Suffolk County District Attorney Dan Conley said today that a Boston police officer and an FBI agent had good reason to fatally shoot Usaamah Rahim in the parking lot of the Washington Street CVS last year: They already feared he was planning to kill a police officer when he started was coming at them with "a large, military-style knife."
In a statement today, Conley said he concluded no charges were warranted because Rahim:
Posed the threat of death or serious injury to the Task Force officers at the time of the shooting. Their use of deadly force was a lawful exercise of self-defense or defense of others and did not constitute a crime under Massachusetts law.
The Joint Terrorism Task Force had Rahim, a resident of a nearby apartment complex, under constant surveillance, saying that he and accomplices had made plans to try to behead full-time Islam hater Pamela Geller. On the morning of June 2, officials have said, they were particularly wary because Rahim had made a phone call in which he decided that rather than taking the time to go after Geller in New York, he'd take out "some boys in blue" in Boston.
Conley's report on the incident states:
After listening to the 5:00 AM conversation, a JTTF supervisor notified the surveillance team that, due to the imminent threat to law enforcement officers and the public, the surveillance team should stop Mr. Rahim for questioning and prevent him from boarding public transportation. JTTF personnel were aware that a bus that Mr. Rahim frequently rode stopped at a bus stop on Washington Street on its way to the Forest Hills MBTA Station. JTTF personnel were also aware that a number of police officers and members of the public could be potential targets inside the Forest Hills MBTA Station.
At 6:53 AM, surveillance officers watched Mr. Rahim leave his home at 375 Blue Ledge Drive in Roslindale â€“ a short walk to the CVS parking lot at 4600 Washington Street. Mr. Rahim walked directly to the CVS store and went inside. After approximately five minutes, the surveillance officers watched Mr. Rahim walk back to his apartment. As Mr. Rahim had not tried to board an MBTA bus, the JTTF supervisor told the surveillance team not to stop him, but, instead, to continue watching him. The JTTF alerted both Boston Police Department and FBI tactical units to come to the area.
Shortly after 7:00 AM, the surveillance officers watched Mr. Rahim leave his apartment and again walk towards the CVS parking lot. He was carrying a backpack and walked toward the bus stop on Washington Street. Because of Mr. Rahimâ€™s stated intention to attack a law enforcement officer and the threat to innocent civilians, the JTTF supervisor told the surveillance team to stop Mr. Rahim for questioning and prevent him from boarding public transportation.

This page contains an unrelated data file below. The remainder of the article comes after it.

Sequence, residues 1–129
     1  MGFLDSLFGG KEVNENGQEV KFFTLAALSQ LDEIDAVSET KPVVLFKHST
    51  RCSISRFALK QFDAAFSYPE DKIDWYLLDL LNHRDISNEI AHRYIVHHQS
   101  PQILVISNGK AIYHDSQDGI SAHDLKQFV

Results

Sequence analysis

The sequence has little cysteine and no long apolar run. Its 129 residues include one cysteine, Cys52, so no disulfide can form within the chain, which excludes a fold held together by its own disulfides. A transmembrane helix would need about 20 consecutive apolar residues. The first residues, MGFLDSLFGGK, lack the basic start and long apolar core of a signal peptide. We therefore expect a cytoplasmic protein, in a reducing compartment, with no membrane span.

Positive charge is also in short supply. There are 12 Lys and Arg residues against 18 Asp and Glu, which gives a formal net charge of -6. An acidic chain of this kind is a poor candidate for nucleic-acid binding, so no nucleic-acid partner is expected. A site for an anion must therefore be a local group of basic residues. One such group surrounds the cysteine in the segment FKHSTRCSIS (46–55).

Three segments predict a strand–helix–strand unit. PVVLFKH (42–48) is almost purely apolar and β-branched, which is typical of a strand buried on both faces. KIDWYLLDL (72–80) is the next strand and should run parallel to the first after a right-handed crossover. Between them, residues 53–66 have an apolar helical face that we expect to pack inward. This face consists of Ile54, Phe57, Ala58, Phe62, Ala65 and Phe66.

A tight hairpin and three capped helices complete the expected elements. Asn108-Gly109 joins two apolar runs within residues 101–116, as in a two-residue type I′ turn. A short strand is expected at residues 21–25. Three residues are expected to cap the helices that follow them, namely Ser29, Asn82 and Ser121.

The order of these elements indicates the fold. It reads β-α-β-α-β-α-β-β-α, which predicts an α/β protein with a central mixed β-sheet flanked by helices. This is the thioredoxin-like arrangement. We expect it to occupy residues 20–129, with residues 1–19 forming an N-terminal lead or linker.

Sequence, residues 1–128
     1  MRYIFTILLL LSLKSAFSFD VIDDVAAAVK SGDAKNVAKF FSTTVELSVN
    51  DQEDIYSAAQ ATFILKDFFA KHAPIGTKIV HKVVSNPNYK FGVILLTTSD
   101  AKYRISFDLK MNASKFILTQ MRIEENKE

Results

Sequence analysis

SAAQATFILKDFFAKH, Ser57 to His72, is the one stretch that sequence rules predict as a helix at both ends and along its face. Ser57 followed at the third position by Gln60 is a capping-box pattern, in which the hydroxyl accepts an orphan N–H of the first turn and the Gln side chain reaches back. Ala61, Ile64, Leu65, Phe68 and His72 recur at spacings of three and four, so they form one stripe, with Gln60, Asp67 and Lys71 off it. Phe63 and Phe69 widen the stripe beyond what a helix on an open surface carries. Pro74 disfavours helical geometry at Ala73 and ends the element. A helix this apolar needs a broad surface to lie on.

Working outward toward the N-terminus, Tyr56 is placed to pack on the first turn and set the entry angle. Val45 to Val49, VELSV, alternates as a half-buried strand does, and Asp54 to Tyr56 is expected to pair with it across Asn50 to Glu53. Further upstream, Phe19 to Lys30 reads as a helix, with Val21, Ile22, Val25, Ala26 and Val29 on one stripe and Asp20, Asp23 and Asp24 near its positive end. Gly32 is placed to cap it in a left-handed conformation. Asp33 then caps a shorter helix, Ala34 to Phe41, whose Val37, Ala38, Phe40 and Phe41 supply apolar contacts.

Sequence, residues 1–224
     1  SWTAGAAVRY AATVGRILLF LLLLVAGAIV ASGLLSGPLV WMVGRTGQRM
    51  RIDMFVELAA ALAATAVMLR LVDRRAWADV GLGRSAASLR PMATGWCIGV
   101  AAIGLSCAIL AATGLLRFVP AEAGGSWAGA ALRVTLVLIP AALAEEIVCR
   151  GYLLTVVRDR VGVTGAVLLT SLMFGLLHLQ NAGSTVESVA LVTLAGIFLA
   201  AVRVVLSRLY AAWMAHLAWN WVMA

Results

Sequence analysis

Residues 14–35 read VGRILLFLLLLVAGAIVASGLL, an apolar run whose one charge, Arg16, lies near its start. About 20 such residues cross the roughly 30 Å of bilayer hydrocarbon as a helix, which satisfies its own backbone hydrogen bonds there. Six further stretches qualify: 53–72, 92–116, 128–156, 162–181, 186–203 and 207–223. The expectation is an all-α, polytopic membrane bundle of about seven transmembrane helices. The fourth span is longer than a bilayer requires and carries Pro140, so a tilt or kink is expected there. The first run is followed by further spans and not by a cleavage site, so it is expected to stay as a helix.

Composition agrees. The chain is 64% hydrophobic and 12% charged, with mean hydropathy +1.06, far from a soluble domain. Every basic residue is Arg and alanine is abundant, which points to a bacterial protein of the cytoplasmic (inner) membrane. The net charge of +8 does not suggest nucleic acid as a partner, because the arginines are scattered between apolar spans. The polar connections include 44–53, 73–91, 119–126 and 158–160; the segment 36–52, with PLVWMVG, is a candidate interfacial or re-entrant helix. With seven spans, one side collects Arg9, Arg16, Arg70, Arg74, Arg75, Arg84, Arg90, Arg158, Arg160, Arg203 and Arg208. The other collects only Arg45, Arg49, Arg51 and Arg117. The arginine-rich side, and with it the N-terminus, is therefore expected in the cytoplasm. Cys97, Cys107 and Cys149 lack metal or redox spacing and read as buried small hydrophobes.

Mr. Rahim walked from the back of the CVS parking lot to the sidewalk on the inbound side of Washington Street, near the MBTA bus stop. As he waited there, surveillance officers approached Mr. Rahim with their weapons holstered. Mr. Rahim had placed a call on his cellular telephone, speaking first with a brother and then to his father. Mr. Rahim was speaking to his father as the surveillance officers approached him. That conversation was recorded, and the recording captured much of the ensuing confrontation with the involved task force officers. Mr. Rahim began the conversation by stating to his brother that â€śunfortunately, you will not be seeing me again.â€ť Shortly thereafter, the closest task force officer (who will be referred to hereinafter as â€śBPD-1â€ť) walked to within a few feet of Mr. Rahim.
As he approached Mr. Rahim, with his weapon holstered and his hands raised above his head displaying his badge in his left hand, BPD-1 identified himself as a police officer. When BPD-1 asked Mr. Rahim to put his hands in the air, Mr. Rahim responded â€śdo I know you?â€ť Mr. Rahim then drew the 13-inch Ontario Knife Company Model SP6 Fighting Knife from a sheath he was carrying in his waist area. In response, BPD-1 and the other approaching task force officers drew their guns and ordered Mr. Rahim to drop the knife. Mr. Rahim refused to drop his weapon and began to advance on the officers. The task force officers continued to shout commands to Mr. Rahim, ordering him repeatedly to drop the knife. Task force officers backed away from Mr. Rahim as he advanced on them with his knife in his hand. The task force officers backed away approximately 48 feet, essentially the entire distance of the parking lot from Washington Street to the first set of raised barriers in front of the CVS pharmacy. As he advanced on the task force officers, and apparently in response to their orders to him to drop the knife he was brandishing, Mr. Rahim repeatedly shouted back â€śyou drop yoursâ€ť and finally â€śwhy donâ€™t you shoot me.â€ť
At this point, one of the task force agents was backed up against the curb. Concerned for his safety and that of members of the public in the various establishments in the vicinity, BPD-1 fired a single round towards the center of Mr. Rahimâ€™s torso. A second task force officer (who will be referred to hereinafter as â€śFBI-1â€ť) fired two additional rounds. All three rounds struck Mr. Rahim, who collapsed, still holding the knife in his hand. Task force agents then contacted Boston Emergency Medical Services and kicked the knife away from Mr. Rahim.
For the second time this month, would-be Register of Deeds Doug Bennett has pissed off an elected official, this time state Rep. Dan Cullinane (D-Dorchester).
Cullinane posted photos yesterday that appear to show the perennial candidate tearing down a Cullinane sign and then standing on it as he puts up one of his large hand-made signs on a Gallivan Boulevard resident's fence.
Cullinane said the resident gave Bennett the OK to put up one of his signs - but not at the expense of Cullinane's:
I have made multiple attempts to reach out to Mr. Bennett today to kindly ask that he simply return the sign to where it was removed - not because we don't have more, we do, - not because they are expensive, which they are, - but because it is the just the right thing to do. I gave him the day to respond and to do the right thing and I gladly would have let it go. He chose not to respond.